Thiazide

Benzothiadiazine, the parent structure of this class of molecules
Chlorothiazide, the first thiazide drug
Illustration of the mechanism of action of thiazide diuretics in the distal convoluted tubule of nephrons.

Thiazide refers to both a class of sulfur-containing organic molecules and a class of diuretics based on the chemical structure of benzothiadiazine.

- Thiazide

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Diuretic

Any substance that promotes diuresis, the increased production of urine.

Furosemide 125mg vials for intravenous application

The antihypertensive actions of some diuretics (thiazides and loop diuretics in particular) are independent of their diuretic effect.

Kidney stone disease

Crystallopathy where a solid piece of material develops in the urinary tract.

A kidney stone, 8 mm in diameter
Diagram showing the typical location of renal colic, below the rib cage to just above the pelvis
A kidney stone (yellow) composed of calcium oxalate
Small crystals formed in the kidney. The most common crystals are made of calcium oxalate and they are generally 4–5 mm. Staghorn kidney stones are considerably larger. 1. Calcium and oxalate come together to make the crystal nucleus. Supersaturation promotes their combination (as does inhibition.) 2. Continued deposition at the renal papillae leads to the growth of the kidney stones. 3. Kidney stones grow and collect debris. In the case where the kidney stones block all routes to the renal papillae, this can cause extreme discomfort and pain. 4. The complete staghorn stone forms and retention occurs. Smaller solids that break off can become trapped in the urinary glands causing discomfort. 5. Displaced stones travel through the ureter. If they cannot be broken down, they must be physically removed by a surgeon.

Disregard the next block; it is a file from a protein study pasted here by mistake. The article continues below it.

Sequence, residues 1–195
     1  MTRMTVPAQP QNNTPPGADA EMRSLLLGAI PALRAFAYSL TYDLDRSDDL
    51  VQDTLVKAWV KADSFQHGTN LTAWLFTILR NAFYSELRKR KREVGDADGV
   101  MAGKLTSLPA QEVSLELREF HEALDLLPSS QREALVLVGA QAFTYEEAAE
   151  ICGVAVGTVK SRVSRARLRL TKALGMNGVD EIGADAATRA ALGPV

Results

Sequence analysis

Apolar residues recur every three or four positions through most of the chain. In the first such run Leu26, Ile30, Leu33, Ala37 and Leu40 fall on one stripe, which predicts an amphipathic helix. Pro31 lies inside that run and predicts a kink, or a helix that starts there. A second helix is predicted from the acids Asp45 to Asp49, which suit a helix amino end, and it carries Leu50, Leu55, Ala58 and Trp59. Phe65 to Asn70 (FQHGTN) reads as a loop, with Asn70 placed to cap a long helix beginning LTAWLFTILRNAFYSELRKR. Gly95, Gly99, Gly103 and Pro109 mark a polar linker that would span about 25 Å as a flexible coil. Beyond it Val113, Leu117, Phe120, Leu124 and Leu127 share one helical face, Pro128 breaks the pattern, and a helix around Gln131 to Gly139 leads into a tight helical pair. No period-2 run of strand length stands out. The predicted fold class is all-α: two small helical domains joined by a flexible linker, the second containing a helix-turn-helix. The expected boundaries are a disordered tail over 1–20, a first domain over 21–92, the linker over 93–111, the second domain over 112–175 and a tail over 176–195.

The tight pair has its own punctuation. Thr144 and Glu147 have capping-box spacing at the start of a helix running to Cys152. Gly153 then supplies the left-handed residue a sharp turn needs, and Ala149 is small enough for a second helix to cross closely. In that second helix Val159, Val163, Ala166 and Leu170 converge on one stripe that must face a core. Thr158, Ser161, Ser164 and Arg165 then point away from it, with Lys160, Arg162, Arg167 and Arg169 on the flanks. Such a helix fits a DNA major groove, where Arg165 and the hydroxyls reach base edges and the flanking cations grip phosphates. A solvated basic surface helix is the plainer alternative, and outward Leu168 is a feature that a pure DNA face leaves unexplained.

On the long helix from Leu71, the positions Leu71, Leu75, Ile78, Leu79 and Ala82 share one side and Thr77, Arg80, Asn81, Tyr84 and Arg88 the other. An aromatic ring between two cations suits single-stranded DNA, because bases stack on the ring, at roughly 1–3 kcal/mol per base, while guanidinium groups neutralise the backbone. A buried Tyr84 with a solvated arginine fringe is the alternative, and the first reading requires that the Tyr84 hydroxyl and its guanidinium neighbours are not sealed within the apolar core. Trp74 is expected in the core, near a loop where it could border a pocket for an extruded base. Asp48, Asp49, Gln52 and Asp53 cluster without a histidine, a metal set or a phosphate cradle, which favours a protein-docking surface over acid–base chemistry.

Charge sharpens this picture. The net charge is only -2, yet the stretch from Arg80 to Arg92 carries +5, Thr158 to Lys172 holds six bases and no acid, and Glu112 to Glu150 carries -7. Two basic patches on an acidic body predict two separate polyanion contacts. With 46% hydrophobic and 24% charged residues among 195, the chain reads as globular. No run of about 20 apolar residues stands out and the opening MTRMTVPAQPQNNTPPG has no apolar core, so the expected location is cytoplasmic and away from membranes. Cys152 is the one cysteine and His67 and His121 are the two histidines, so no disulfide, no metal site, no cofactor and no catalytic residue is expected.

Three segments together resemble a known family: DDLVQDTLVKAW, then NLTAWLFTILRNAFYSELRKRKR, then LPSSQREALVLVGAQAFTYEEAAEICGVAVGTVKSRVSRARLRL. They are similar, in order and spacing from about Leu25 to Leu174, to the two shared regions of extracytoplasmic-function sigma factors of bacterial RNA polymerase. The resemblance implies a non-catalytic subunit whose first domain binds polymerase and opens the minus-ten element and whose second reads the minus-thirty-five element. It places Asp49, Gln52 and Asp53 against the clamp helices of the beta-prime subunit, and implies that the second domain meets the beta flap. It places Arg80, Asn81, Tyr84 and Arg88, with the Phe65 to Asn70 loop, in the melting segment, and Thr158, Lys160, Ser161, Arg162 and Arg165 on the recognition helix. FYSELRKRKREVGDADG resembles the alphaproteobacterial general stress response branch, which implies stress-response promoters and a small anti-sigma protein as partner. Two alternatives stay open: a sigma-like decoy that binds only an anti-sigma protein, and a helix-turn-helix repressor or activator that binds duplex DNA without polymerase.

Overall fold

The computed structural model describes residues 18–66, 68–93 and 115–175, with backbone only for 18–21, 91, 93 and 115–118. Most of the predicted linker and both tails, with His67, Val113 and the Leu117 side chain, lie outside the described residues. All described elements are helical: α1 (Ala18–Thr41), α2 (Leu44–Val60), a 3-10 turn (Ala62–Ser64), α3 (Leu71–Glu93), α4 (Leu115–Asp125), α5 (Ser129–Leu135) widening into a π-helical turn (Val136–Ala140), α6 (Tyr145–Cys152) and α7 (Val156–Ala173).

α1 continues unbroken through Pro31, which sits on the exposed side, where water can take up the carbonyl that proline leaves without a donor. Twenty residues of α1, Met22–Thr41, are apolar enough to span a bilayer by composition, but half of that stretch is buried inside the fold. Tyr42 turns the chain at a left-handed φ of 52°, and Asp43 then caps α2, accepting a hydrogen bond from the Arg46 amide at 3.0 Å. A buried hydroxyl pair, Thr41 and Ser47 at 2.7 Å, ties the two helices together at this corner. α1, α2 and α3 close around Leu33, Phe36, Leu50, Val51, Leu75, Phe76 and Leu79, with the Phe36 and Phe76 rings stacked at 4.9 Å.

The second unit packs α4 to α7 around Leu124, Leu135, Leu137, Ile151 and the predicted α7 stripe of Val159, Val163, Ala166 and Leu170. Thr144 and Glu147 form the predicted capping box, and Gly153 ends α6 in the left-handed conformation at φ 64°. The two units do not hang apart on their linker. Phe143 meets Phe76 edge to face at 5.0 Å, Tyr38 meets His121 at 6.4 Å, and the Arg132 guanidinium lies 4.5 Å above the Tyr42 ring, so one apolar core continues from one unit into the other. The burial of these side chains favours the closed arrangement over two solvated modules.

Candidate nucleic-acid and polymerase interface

Struvite crystals found on microscopic examination of the urine
Scanning electron micrograph of the surface of a kidney stone showing tetragonal crystals of Weddellite (calcium oxalate dihydrate) emerging from the amorphous central part of the stone (the horizontal length of the picture represents 0.5 mm of the figured original)
Multiple kidney stones composed of uric acid and a small amount of calcium oxalate
A lenticular kidney stone, excreted in the urine
Illustration of kidney stones
Radiograph showing a large staghorn calculus involving the major calyces and renal pelvis in a person with severe scoliosis
A lithotriptor machine with a mobile fluoroscopic system ("C-arm") is seen in an operating room; other equipment is seen in the background including an anesthesia machine.
Urolithiasis deaths per million persons in 2012
Bilateral kidney stones can be seen on this KUB radiograph. There are phleboliths in the pelvis, which can be misinterpreted as bladder stones.
Axial CT scan of abdomen without contrast, showing a 3-mm stone (marked by an arrow) in the left proximal ureter
Renal ultrasonograph of a stone located at the pyeloureteric junction with accompanying hydronephrosis.
Measurement of a 5.6 mm large kidney stone in soft tissue versus skeletal CT window.

If this is not effective enough, thiazide diuretic, citrate, or allopurinol may be taken.

Distal convoluted tubule

Portion of kidney nephron between the loop of Henle and the collecting tubule.

Kidney nephron ("1st proximal convoluted tubule", "2nd distal convoluted tubule")
1 Glomerulus, 2 proximal tubule, 3 distal tubule
Transverse section of pyramidal substance of kidney of pig, the bloodvessels of which are injected.
Renal corpuscle